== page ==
PRES. BARACK OBAMA'S proposal of "high-quality preschool for all," with $75,000,000,000 in Federal start-up money, inspired similar calls for universal preschool by state and local leaders throughout the country. New York Mayor Bill de Blasio ran on a universal pre-K platform, funded by "taxing the rich," while New York Gov. Andrew Cuomo also has endorsed universal pre-K funded from existing tax monies. Preschool was a major issue in the gubernatorial races in Texas and Ohio, with both Democratic candidates endorsing universal pre-K. Moreover, the California legislature has proposed expanding its coverage of "transitional kindergarten" to all four-year-olds, thereby becoming a universal pre-K program.
Expanding public schooling to cover all four-year-olds would require a significant increase in state and Federal spending. Even if Congress authorized the full Obama proposal, which covers a 10-year period, total expenditures for the states would be far higher. With U.S. expenditures for public schooling from all sources exceeding $12,000 per student, and with approximately 4,000,000 students enrolled in public kindergartens, states could be spending nearly $50,000,000 per year to fund universal preschool, assuming that spending levels for preschool are similar to those for higher grades.
With such large proposed expenditures, the benefits of pre-K should be clear and definitive. Yet, existing research on preschool programs does not paint a uniformly positive picture, despite what supporters claim. Indeed, the most rigorous studies of contemporary preschool programs, particularly the Federal Head Start program and a Tennessee universal program, show no lasting gains for preschool students after they enter regular grades. According to these studies, by the time children reach the early elementary grades, the average preschool student has learned no more than children who were not in preschool.
How are these results reconciled with proclamations, including some from the White House, about the dramatic benefits of preschool? Are universal preschool advocates simply ignoring scientific evidence? There is a body of research that finds educational benefits from preschool programs, but these studies suffer from one of two problems: either the preschool programs are not comparable with the programs being proposed today, or they use nonexperimental designs that suffer from serious limitations, including an inability to track preschool effects into the early grades.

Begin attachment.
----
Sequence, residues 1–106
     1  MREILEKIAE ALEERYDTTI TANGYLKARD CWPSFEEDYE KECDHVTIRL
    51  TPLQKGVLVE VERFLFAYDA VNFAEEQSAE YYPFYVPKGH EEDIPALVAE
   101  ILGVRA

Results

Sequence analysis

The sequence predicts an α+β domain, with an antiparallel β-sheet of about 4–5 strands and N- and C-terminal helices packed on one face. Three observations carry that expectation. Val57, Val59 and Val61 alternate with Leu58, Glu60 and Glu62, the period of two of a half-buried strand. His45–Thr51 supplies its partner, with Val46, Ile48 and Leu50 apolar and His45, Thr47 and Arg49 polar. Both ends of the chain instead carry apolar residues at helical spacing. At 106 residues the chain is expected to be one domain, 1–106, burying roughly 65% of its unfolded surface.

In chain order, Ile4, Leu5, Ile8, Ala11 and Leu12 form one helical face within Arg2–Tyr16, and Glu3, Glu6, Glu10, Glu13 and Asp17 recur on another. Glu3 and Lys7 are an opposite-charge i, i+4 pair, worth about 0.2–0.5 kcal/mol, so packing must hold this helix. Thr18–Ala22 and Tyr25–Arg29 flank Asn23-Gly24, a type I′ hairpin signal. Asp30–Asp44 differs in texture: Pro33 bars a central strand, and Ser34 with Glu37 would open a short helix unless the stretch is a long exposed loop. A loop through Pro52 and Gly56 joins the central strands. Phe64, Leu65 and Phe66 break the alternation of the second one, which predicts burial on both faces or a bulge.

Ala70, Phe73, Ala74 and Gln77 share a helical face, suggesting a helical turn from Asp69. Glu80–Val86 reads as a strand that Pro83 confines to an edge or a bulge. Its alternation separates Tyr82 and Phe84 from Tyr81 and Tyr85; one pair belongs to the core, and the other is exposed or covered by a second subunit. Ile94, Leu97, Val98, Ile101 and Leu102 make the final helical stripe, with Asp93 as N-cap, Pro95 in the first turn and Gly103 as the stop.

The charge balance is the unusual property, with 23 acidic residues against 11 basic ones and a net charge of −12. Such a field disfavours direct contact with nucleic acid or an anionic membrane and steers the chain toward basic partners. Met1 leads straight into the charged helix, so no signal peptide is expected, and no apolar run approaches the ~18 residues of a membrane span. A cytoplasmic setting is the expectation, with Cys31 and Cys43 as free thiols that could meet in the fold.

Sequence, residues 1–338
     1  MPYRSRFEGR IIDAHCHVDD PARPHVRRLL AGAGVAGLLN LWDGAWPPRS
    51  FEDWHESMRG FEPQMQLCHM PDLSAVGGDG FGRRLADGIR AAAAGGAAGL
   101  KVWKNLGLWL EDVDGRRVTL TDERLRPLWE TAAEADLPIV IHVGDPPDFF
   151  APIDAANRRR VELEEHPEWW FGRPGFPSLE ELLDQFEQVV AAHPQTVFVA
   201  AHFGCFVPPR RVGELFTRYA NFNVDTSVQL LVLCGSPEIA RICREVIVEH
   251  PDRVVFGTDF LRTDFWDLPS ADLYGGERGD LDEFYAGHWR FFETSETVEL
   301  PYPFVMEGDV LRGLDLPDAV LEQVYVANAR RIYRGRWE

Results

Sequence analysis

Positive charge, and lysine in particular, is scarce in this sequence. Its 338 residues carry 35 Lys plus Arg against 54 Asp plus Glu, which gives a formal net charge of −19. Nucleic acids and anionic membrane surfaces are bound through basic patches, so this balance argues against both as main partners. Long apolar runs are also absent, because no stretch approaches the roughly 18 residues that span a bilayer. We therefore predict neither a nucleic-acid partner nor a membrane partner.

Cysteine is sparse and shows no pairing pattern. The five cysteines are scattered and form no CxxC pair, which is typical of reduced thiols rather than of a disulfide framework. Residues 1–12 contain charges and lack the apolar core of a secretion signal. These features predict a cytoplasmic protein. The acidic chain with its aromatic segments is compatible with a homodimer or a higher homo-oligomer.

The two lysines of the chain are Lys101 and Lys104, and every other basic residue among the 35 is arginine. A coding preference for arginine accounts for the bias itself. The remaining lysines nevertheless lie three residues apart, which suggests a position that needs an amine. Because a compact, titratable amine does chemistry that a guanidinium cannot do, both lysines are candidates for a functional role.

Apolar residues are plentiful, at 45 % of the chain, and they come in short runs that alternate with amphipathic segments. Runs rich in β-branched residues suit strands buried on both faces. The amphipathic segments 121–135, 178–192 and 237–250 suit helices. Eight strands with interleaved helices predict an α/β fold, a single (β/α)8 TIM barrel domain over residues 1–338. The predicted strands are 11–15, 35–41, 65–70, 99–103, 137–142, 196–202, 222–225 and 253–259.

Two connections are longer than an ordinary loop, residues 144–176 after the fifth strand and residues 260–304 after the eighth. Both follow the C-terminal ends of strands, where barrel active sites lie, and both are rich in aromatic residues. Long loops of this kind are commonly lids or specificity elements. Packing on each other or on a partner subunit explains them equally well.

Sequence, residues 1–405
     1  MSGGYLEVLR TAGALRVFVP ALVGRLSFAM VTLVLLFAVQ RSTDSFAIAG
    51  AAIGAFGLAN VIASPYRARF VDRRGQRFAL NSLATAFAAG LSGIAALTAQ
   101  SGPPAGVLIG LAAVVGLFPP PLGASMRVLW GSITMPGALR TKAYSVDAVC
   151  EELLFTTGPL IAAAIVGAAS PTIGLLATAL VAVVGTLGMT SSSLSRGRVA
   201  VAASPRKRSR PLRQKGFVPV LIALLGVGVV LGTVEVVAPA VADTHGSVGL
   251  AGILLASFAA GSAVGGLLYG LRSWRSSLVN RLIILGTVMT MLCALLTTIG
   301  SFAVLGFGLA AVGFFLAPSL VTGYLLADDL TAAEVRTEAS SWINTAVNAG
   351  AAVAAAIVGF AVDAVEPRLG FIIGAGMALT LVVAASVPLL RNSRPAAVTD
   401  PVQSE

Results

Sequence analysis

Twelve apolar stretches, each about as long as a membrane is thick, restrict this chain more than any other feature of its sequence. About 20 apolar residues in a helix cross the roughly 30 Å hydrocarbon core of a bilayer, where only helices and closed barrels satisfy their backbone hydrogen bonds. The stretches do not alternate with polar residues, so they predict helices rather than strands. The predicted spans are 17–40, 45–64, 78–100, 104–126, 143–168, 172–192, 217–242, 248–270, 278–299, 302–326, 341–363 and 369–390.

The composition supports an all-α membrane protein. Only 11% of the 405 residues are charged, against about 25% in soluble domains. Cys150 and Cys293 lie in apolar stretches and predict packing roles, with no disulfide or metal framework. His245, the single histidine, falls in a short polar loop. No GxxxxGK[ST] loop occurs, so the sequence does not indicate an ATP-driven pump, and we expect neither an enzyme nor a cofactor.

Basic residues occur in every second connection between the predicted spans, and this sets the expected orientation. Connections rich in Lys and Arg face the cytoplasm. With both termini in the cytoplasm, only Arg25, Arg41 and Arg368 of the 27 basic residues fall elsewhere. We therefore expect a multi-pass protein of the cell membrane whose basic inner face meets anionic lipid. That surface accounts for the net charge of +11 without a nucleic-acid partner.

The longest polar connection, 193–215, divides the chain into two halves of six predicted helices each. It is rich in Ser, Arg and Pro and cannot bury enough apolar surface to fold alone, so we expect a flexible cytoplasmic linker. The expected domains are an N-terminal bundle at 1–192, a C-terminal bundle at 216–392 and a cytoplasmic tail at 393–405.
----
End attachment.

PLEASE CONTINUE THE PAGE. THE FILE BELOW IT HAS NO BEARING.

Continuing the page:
Supporters of preschool programs have been very selective in their research citations. They extol programs with large pre-K effects as "high quality," especially some historical programs, as well as several recent pre-K programs in Tulsa, Okla., and Boston, Mass. Meanwhile, they ignore the Head Start findings or imply that it is not a high-quality program.
There are three historical "high-quality" preschool programs that have received considerable attention. These are the Abecedarian project in North Carolina, the Perry Preschool program in Michigan, and the Chicago Child-Parent preschool program. These historical programs differ markedly from contemporary preschools in ways that make them uncomparable to current and proposed "high-quality" preschool programs. In addition, one of them has some serious methodological limitations.
The Abecedarian program and study was conducted at the University of North Carolina, Chapel Hill, during the early 1970s. It was a relatively well-designed randomized experiment involving 111 low-income infants, nearly all black, 57 of whom were in the treatment group. The program involved interventions from infancy (average of four months) to the start of kindergarten.